Based in Hurricane, Utah, Powerfin builds a line of ground-adjustable carbon fiber propellers, primarily for Rotax engine installations in light Experimental and LSA aircraft. They’ll even match the blade color to your airplane’s paint, if you want. Two-blade to five-blade hubs are offered, and there are four different blade styles in the Powerfin series. It was “business as usual” when we spoke in late 2020, but the company spokesman hinted of new products under development, so keep an eye on their website.
Prince Aircraft Co.
Lonnie Prince offers an exclusive P-Tip end-plate design that, like a winglet, effectively increases the length of the blade; his 68-inch diameter P-Tipped propeller reportedly performs like a 72-inch unmodified prop. A scimitar blade shape adjusts pitch over a four-inch range as airspeed changes, Prince says. With 40-plus years of experience making wood/carbon fiber propellers, Prince Aircraft is known for its one-off prototyping work. As we interviewed Lonnie this year, he was working on a 30-foot eight-blade fan for a NASA wind tunnel project.
Edward Sterba Propeller Co.
Ed Sterba is still in the hand-carved wood propeller business, using maple, birch and cherry laminations with a urethane insert for leading edge protection. He does not have a website, but a web search turns up his basic information; he can be reached by email or phone. His Sweptback propellers are primarily designed for VW engine installations, which was his original focus, and the Race series are for Continentals and Lycomings used in RVs, Midget Mustangs and Long EZs, up to 200 hp. The latter have a curved leading edge and narrow tip profile.
Florida-based Sterna Propellers started 25 years ago, building custom ground-adjustable composite-construction props for light Experimental aircraft. It also builds rotor blades. The propeller line targets a power range of 30 to 75 hp per blade. Sterna’s composite propeller is made with continuous high-performance pre-preg carbon fiber material. The blades are formed in one piece and are hollow inside with reinforced ribs. They also feature embedded nickel leading-edge protection and an aluminum shank.
Warp Drive, Inc.
Based in Ventura, Iowa, since 1989, Warp Drive continues supplying its well-known ground-adjustable propellers with carbon fiber blades. It offers two- to six-blade hub designs, primarily for ultralights, powered parachutes, gyroplanes and trikes, as well as LSA and Experimental airplanes up to 180 hp.
WhirlWind Propellers Corporation
WhirlWind Propellers of El Cajon, California, started in 1995, producing composite-blade constant-speed propellers, and 25,000 blades later it’s an established supplier of ground-adjustable two- and three-blade propellers for the Experimental and LSA market. Initially, WhirlWind’s propellers were built with a wood core and a composite overlay, but it now uses a patented all-composite closed-mold net-shape blade manufacturing process. The company also builds propellers for airboats, UAVs and wind tunnels.
For Lycoming 320/360 and Continental O-200 engines, WhirlWind offers two-blade ground-adjustable props, and it supplies two- and three-blade scimitar-shape styles for Rotax, Viking and ULPower engines. WhirlWind also has blades for the V530 hub on the Russian M-14P engines.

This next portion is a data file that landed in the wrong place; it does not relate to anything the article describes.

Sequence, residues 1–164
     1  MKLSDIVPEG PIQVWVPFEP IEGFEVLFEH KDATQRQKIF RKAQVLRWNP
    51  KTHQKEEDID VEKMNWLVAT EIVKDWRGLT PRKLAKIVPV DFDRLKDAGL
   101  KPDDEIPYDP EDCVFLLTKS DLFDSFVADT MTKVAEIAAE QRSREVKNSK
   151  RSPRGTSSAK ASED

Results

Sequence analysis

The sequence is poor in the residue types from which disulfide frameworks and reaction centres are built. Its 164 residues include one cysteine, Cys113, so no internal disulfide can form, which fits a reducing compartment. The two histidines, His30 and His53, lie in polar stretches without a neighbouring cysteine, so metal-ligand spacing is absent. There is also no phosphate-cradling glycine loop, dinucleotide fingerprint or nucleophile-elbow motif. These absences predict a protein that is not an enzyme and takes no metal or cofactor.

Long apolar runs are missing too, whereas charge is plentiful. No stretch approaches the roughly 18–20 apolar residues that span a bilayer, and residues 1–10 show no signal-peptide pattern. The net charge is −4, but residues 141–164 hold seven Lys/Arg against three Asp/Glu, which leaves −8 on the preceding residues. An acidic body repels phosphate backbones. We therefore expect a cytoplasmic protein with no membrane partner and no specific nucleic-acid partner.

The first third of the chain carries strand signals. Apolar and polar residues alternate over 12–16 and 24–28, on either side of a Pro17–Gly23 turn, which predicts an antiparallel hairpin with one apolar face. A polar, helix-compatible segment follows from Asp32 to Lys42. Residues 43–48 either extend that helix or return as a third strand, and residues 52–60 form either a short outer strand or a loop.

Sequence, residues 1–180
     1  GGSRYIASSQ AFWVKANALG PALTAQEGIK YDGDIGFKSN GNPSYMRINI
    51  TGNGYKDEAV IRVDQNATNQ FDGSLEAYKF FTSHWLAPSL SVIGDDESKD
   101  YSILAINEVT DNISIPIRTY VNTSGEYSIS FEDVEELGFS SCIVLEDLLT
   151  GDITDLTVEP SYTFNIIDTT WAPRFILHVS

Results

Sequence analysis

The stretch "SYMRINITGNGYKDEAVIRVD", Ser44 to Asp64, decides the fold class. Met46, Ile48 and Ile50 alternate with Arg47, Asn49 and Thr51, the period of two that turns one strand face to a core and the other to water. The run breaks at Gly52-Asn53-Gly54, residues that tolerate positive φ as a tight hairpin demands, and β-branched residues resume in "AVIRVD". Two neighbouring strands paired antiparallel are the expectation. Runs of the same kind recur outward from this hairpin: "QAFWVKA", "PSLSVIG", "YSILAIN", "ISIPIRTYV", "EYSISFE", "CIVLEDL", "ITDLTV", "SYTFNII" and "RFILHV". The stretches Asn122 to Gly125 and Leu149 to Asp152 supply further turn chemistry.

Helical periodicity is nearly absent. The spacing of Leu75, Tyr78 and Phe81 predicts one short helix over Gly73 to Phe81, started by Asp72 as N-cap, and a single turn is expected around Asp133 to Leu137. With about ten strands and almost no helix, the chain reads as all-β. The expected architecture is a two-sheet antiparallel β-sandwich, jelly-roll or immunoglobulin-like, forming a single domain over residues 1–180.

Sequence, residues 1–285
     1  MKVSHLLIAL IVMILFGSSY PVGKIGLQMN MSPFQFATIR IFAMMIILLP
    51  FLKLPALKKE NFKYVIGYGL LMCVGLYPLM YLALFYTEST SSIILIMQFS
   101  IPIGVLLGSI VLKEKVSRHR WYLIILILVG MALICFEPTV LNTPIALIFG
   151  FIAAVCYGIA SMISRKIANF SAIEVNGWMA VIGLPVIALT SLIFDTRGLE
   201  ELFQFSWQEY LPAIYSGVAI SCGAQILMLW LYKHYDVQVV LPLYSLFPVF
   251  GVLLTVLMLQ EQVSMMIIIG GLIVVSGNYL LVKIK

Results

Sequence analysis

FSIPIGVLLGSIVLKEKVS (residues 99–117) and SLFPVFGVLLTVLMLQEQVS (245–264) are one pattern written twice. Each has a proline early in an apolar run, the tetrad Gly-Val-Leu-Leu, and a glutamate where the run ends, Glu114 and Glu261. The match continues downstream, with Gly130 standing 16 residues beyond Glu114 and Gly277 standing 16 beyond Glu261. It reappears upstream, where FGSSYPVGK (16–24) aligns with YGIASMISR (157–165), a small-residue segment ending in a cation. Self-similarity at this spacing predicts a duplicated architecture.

Whirl Wind Aviation, Inc.
A sister company to WhirlWind Propellers, Whirl Wind Aviation is based in Austinburg, Ohio, where it manufactures composite constant-speed propellers for Experimental aircraft. It offers 10 series of props to meet nearly every requirement, the latest being a new 300-72 three-blade propeller that weighs five pounds less than the 200-RV two-blade prop.
At just 36 pounds, the new 300-72 propeller is the lightest weight constant-speed propeller in its class. The 300-72 proprietary blade design features patented carbon fiber X-core thermoset composite construction, with an electroformed nickel leading edge for superior erosion resistance and FOD protection.
|Airmaster Propellers, Ltd.||1999||Experimental||Metal/composite||80 to 200 hp|
|+64 9 833 1794|
|AXSport Aviation||n/a||Experimental||Carbon composite||80 to 180 hp|
|+27 82 780 7111|
|Arrowprop Company, Inc.||1961||Experimental and ultralight||Wood and composite||Up to 100 hp|
|Bolly Aviation||1978||Experimental||Composite||15 to 180 hp|
|+61 8 8380 8396|
|Catto Propellers||1974||Experimental and ASTM||Composite||65 to 300 hp|
|Competition Aircraft, Inc.||1984||Experimental and ultralight||Composite||Up to 100 hp|
|530-268-3048 or 888-634-9839|
|Culver Props||1983||Experimental||Wood||Up to 300 hp|
|DUC Propellers USA, Inc.||1997||Experimental||Composite||100 to 160 hp|
|GSC Systems, Inc.||1984||Experimental||Wood||35 to 115 hp|
|Hoffmann Propeller GmbH Co. KG||1955||EASA and Experimental||Wood/composite||Up to 500 hp|
|Ivoprop Corporation||1986||Experimental||Composite||Up to 700 hp|
|800-FOR-PROP or 562-602-1451|
|Performance Propellers USA, LLC||2009||Experimental||Wood||50 to 300 hp|
|Powerfin Propellers||2008||Experimental||Composite||Up to 160 hp|
|Prince Aircraft Company||1979||Experimental||Wood and composite||100 to 300 hp|
|Edward Sterba Propeller Company||1980||Experimental||Wood||30 to 200 hp|
|Sterna Aircraft||1996||Experimental||Composite||30 to 450hp|
|(see Competition Aircraft)|
|Warp Drive, Inc.||1989||Experimental||Composite||Up to 180 hp|
|641-357-6000 or 800-833-9357|
|WhirlWind Propellers Corp.||1995||Experimental||Composite||80 to 400 hp|
|Whirl Wind Aviation, Inc.||1995||Experimental||Composite CS||200 to 400 hp|
Photos: LeRoy Cook and courtesy of the manufacturers.